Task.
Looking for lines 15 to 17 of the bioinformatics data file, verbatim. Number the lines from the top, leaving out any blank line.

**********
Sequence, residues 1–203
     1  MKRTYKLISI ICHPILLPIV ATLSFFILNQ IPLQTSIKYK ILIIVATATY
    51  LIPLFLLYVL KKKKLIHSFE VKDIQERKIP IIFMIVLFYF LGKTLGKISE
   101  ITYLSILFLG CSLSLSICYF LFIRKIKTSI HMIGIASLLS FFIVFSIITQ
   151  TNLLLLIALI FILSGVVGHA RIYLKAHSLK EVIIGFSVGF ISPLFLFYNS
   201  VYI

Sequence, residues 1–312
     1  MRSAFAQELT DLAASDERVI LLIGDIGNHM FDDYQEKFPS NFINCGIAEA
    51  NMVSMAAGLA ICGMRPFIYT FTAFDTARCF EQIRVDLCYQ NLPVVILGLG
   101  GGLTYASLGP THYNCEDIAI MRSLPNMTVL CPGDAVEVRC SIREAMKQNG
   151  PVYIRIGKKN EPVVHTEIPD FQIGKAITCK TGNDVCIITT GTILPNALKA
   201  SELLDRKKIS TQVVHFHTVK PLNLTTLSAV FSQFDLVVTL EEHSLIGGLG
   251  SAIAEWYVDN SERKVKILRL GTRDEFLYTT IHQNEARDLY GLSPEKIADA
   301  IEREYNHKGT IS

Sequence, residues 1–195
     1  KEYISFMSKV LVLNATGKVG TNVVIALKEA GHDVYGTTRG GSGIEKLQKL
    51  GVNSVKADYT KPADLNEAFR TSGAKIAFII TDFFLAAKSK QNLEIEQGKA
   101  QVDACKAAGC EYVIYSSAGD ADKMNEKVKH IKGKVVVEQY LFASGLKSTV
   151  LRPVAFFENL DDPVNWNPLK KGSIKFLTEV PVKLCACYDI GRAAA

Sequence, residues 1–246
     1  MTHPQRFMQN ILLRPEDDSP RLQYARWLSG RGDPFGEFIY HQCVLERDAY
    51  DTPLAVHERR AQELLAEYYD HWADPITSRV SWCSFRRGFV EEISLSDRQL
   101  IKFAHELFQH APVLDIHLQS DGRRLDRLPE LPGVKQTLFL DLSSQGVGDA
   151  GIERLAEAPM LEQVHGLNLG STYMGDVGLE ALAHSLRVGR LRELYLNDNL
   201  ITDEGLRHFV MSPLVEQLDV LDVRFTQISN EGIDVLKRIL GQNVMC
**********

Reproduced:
Sequence, residues 1–195
     1  KEYISFMSKV LVLNATGKVG TNVVIALKEA GHDVYGTTRG GSGIEKLQKL
    51  GVNSVKADYT KPADLNEAFR TSGAKIAFII TDFFLAAKSK QNLEIEQGKA